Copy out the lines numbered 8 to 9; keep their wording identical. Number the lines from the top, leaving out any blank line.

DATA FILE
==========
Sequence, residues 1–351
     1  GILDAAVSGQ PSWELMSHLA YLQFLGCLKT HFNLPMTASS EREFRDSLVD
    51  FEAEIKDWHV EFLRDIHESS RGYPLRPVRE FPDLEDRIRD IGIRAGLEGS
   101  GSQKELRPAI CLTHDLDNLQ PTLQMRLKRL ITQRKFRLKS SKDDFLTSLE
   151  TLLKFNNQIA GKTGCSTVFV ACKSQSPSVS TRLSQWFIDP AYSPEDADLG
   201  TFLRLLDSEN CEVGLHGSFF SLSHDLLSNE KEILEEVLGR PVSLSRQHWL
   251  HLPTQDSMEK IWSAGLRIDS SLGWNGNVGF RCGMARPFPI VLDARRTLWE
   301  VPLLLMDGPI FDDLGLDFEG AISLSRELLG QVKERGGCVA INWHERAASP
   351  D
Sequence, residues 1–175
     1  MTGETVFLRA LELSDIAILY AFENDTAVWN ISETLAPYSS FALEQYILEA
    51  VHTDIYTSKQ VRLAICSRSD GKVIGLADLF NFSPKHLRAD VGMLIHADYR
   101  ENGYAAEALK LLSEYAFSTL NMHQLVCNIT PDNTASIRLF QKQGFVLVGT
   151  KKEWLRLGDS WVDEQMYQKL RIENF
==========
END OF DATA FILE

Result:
   301  VPLLLMDGPI FDDLGLDFEG AISLSRELLG QVKERGGCVA INWHERAASP
   351  D